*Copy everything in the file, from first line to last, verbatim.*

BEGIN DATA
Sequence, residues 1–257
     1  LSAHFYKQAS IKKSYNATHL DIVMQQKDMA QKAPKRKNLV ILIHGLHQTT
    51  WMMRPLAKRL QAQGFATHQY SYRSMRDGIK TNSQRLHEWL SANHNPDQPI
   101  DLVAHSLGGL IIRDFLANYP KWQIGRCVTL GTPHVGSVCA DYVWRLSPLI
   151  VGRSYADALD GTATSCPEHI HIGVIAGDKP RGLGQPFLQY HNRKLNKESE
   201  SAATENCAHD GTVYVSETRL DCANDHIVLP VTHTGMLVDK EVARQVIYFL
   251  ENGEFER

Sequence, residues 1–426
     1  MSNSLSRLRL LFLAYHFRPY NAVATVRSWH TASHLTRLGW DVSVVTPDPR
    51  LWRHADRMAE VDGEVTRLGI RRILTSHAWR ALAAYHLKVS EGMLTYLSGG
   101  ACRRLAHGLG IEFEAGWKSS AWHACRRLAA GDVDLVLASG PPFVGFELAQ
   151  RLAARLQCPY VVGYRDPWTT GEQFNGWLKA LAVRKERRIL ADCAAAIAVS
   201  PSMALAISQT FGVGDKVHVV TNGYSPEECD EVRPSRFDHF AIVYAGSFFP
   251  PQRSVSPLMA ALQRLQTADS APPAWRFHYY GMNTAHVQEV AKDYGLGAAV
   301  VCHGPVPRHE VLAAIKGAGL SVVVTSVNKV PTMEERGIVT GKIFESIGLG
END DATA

Sequence, residues 1–257
     1  LSAHFYKQAS IKKSYNATHL DIVMQQKDMA QKAPKRKNLV ILIHGLHQTT
    51  WMMRPLAKRL QAQGFATHQY SYRSMRDGIK TNSQRLHEWL SANHNPDQPI
   101  DLVAHSLGGL IIRDFLANYP KWQIGRCVTL GTPHVGSVCA DYVWRLSPLI
   151  VGRSYADALD GTATSCPEHI HIGVIAGDKP RGLGQPFLQY HNRKLNKESE
   201  SAATENCAHD GTVYVSETRL DCANDHIVLP VTHTGMLVDK EVARQVIYFL
   251  ENGEFER

Sequence, residues 1–426
     1  MSNSLSRLRL LFLAYHFRPY NAVATVRSWH TASHLTRLGW DVSVVTPDPR
    51  LWRHADRMAE VDGEVTRLGI RRILTSHAWR ALAAYHLKVS EGMLTYLSGG
   101  ACRRLAHGLG IEFEAGWKSS AWHACRRLAA GDVDLVLASG PPFVGFELAQ
   151  RLAARLQCPY VVGYRDPWTT GEQFNGWLKA LAVRKERRIL ADCAAAIAVS
   201  PSMALAISQT FGVGDKVHVV TNGYSPEECD EVRPSRFDHF AIVYAGSFFP
   251  PQRSVSPLMA ALQRLQTADS APPAWRFHYY GMNTAHVQEV AKDYGLGAAV
   301  VCHGPVPRHE VLAAIKGAGL SVVVTSVNKV PTMEERGIVT GKIFESIGLG